2.1.1 Based on the wording of claim 1, the skilled reader would understand that all the features related to the claimed sub-carrier allocation method are exclusively performed by the RNC (cf. feature (a) above). In particular, claim 1 requires that the RNC first determines the type of antenna to be used in the OFDM system (i.e. feature (b)) and selects a target sector in a cell before determining the sectors in neighbou-ring cells having the strongest inter-cell interference based on the used antenna type determined by the RNC. This implies that the antenna-dependent number of cells having the strongest inter-cell interference with the selected target sector (i.e. feature (c)) is also supposed to be determined by the RNC. Otherwise, the claimed step of "determining sectors in neighbouring cells having a strongest inter?cell interference with the target sector" would not be entirely carried out by the RNC, in contradiction to feature (a) of claim 1. From this, the skilled reader would deduce that the numbers of cells having the strongest inter-cell interference are also determined and set by the RNC before the respective mutually exclusive sub-carrier subsets are accordingly allocated to the selected sectors. However, this is not directly and unambiguously derivable from the application as filed.

The initial allocation of sub-carrier subsets to the selected cells or sectors in the OFDM system under consideration is described mainly in paragraph [45] and Fig. 9 of the application as filed. Concerning the determination of the cells or sectors having the strongest inter-cell interference, it is taught therein that the RNC first determines what type of antenna is used in the respective multi-cell system and then selects the target cell or sector and the other neighbouring cells or sectors having the strongest inter-cell interference with the selected target cell or sector (cf. paragraph [45], first sentence in conjunction with Fig. 9, steps S10 and S11). However, according to this embodiment, there is no detailed instruction given as to the determination of the actual number of cells or sectors which in fact have the strongest inter-cell interference. More specifically, it is not taught that the RNC is responsible for determining the number of cells or sectors based on the determined type of antenna used in the underlying system. Rather, any component of the system in question could, either statically or dynamically, configure the respective number of interfering cells or sectors based on the original teaching.

Therefore, the combination of the added features (a) and (c) amounts to an unallowable extension of the original subject-matter.

2.1.2 The appellant argued that the added feature (c) was in particular supported by claims 4 to 7, paragraphs [38], [39], [47] to [50], and Figs. 9 and 13 of the application as originally filed.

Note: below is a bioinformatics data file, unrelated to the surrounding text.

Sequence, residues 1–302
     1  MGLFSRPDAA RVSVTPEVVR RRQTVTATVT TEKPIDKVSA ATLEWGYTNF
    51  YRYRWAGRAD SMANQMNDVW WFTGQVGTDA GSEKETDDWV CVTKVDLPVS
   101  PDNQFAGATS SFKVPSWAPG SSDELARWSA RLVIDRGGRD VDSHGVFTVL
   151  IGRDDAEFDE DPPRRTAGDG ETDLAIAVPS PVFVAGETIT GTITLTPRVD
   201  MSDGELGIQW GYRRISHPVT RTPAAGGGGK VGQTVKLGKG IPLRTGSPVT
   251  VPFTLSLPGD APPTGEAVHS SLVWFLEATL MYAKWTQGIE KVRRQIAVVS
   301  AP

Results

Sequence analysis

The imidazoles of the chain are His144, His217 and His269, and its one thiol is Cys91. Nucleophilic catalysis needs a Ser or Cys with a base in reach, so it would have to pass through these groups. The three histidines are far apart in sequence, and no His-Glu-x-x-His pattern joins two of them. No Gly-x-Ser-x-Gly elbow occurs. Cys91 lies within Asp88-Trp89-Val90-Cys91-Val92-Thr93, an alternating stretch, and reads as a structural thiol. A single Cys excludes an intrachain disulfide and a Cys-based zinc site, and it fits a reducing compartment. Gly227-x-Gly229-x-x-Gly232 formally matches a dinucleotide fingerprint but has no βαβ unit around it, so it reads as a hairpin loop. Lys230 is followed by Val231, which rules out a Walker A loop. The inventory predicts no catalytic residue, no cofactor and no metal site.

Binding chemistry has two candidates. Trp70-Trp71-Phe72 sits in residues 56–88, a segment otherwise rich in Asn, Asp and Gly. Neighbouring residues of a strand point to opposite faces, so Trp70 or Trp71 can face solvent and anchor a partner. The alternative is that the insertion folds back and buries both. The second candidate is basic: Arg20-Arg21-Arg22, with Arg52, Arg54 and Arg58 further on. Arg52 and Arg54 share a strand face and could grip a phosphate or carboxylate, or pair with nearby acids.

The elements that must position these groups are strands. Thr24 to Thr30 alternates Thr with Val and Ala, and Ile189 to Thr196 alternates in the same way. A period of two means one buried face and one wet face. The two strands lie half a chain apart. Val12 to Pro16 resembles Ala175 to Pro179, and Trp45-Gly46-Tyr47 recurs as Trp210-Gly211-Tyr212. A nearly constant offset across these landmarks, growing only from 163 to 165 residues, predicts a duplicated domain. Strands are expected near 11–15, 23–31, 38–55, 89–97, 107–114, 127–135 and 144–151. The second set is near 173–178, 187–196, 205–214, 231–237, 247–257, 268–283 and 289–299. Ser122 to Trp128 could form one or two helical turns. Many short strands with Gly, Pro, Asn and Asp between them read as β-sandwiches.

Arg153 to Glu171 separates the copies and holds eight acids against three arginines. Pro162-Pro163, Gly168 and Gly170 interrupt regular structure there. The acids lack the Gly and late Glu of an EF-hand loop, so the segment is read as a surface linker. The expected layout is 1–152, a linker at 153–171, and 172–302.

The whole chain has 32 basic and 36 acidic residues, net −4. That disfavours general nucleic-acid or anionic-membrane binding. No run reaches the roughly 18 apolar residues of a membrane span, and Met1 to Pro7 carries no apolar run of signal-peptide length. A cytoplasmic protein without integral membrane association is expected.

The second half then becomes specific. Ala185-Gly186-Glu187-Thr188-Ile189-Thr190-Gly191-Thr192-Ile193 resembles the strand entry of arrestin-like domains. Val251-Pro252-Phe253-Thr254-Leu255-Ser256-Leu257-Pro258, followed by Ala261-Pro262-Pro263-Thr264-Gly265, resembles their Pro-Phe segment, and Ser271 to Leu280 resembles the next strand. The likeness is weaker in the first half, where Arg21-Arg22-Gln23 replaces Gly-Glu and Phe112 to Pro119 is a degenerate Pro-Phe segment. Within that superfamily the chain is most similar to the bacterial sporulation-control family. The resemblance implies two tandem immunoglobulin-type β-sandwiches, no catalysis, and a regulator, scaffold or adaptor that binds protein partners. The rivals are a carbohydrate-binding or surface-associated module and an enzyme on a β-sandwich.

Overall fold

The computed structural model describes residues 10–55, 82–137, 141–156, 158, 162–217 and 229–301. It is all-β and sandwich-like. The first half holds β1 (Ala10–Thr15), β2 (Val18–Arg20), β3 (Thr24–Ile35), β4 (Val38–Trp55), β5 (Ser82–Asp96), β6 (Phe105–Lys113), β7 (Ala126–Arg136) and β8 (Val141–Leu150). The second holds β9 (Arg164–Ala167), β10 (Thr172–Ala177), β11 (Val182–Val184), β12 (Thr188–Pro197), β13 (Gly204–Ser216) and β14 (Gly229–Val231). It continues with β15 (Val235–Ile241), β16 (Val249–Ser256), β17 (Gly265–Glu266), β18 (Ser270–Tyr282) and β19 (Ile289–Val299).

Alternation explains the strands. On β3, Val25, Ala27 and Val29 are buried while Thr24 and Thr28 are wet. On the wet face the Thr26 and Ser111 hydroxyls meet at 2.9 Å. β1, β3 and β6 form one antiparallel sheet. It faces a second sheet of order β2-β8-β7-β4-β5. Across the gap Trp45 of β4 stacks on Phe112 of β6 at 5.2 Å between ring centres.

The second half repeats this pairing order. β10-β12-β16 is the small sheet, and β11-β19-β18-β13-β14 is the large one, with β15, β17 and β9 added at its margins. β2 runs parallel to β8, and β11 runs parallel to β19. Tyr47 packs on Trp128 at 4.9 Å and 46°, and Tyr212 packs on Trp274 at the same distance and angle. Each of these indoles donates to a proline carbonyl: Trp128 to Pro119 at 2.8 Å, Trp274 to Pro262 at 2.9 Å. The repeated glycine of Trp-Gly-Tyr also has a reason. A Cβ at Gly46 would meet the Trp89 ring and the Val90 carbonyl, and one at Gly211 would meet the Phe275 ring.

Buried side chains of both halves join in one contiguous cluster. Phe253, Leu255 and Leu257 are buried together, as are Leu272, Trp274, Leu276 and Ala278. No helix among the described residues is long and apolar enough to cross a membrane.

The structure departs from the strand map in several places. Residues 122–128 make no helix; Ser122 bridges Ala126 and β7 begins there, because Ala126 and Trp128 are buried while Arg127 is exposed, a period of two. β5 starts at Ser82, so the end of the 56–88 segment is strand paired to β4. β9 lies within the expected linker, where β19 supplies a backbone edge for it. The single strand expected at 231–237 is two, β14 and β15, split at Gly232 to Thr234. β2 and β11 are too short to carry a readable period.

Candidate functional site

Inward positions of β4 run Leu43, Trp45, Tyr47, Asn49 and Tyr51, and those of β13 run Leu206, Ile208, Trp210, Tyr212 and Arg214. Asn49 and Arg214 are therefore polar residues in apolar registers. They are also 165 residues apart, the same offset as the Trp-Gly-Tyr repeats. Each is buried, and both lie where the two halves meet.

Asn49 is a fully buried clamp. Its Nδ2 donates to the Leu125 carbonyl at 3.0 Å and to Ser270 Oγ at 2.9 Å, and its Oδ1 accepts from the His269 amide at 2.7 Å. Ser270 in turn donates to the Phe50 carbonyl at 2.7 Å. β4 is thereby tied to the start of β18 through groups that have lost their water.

The board does not agree with the appellant that the above basis is a valid support for claim 1 as amended, the reasons being as follows:

a) Claims 4, 5, 6, and 7 as originally filed are only dependent on original claim 1. Claim 1 specifies that a number of cells having a strongest inter-cell interference among cells in a multiple-cell environment are selected before selecting mutually exclusive sub?carrier sets for each selected cell having the strongest interference. Dependent claim 4 specifies that the type of antenna being used in the multiple-cell environment is determined.Dependent claims 5, 6, and 7 further specify that the number of cells selected having the strongest inter-cell interference is respectively seven, three or two, if the type of antenna used is determined to be an omni-directional, 120°-direc-tional or 60°-directional antenna, respectively.

However, it is not directly and unambiguously derivable from this basis that it is the RNC which in fact determines the number of cells having the strongest inter-cell interference based on the determined type of antenna used in the OFDM system.

b) Paragraphs [38] and [39], referring to Fig. 4 of the original application, teach that each cell is divided into a certain number of sectors depending on the type of antenna used in a cellular system and that the frequency efficiency is increased by the use of directional antennas compared to omni?directional antennas. Moreover, paragraphs [47] to [50], referring to Figs. 10 to 12, teach that different numbers (i.e. seven, three or two) of mutually exclusive sub-carrier subsets are selected according to the antenna used and that the RNC allocates these subsets to the selected cells (i.e. seven, three or two cells).

Thus, this basis is related to the selection of the sub-carrier subsets to be allocated rather than to the selection of the cells or sectors. Nor can it be directly and unambiguously derived from these passages that the RNC determines the number of cells having the strongest inter-cell inter-ference based on the determined type of antenna used in the OFDM system.

c) Fig. 9 depicts the sub-carrier allocation to cells or sectors but does not provide any detailed instruction as to the determination of the actual number of cells or sectors having the strongest inter-cell interference (cf. point above), while Fig. 13 is solely related to the sub-carrier allocation to terminals within an already selected cell.

Hence, these drawings do not represent a valid support either for the step of determining, by the RNC, the actual number of cells having the strongest inter-cell interference based on the determined type of antenna.

2.1.3 The appellant also submitted that, by adding feature (a) to claim 1, the entire sub-carrier allocation intelligence was provided on the network side, i.e. by the RNC, for inter alia performing an automatic antenna-dependent sub-carrier allocation according to the wording of this claim (cf. section III.1, first paragraph and section III.2.5 of the letter of reply dated 4 July 2012).

This argument is seen by the board as additional evidence for interpreting claim 1 such that it is indeed the "intelligent" RNC which automatically determines and sets the number of cells having the strongest inter-cell interference. The latter is, however, not derivable from the original teaching.

2.1.4 In view of the above, claim 1 contains subject-matter which extends beyond the content of the application as filed.

2.2 In conclusion, the sole request is not allowable under Article 123(2) EPC.

Order

For these reasons it is decided that:

The appeal is dismissed.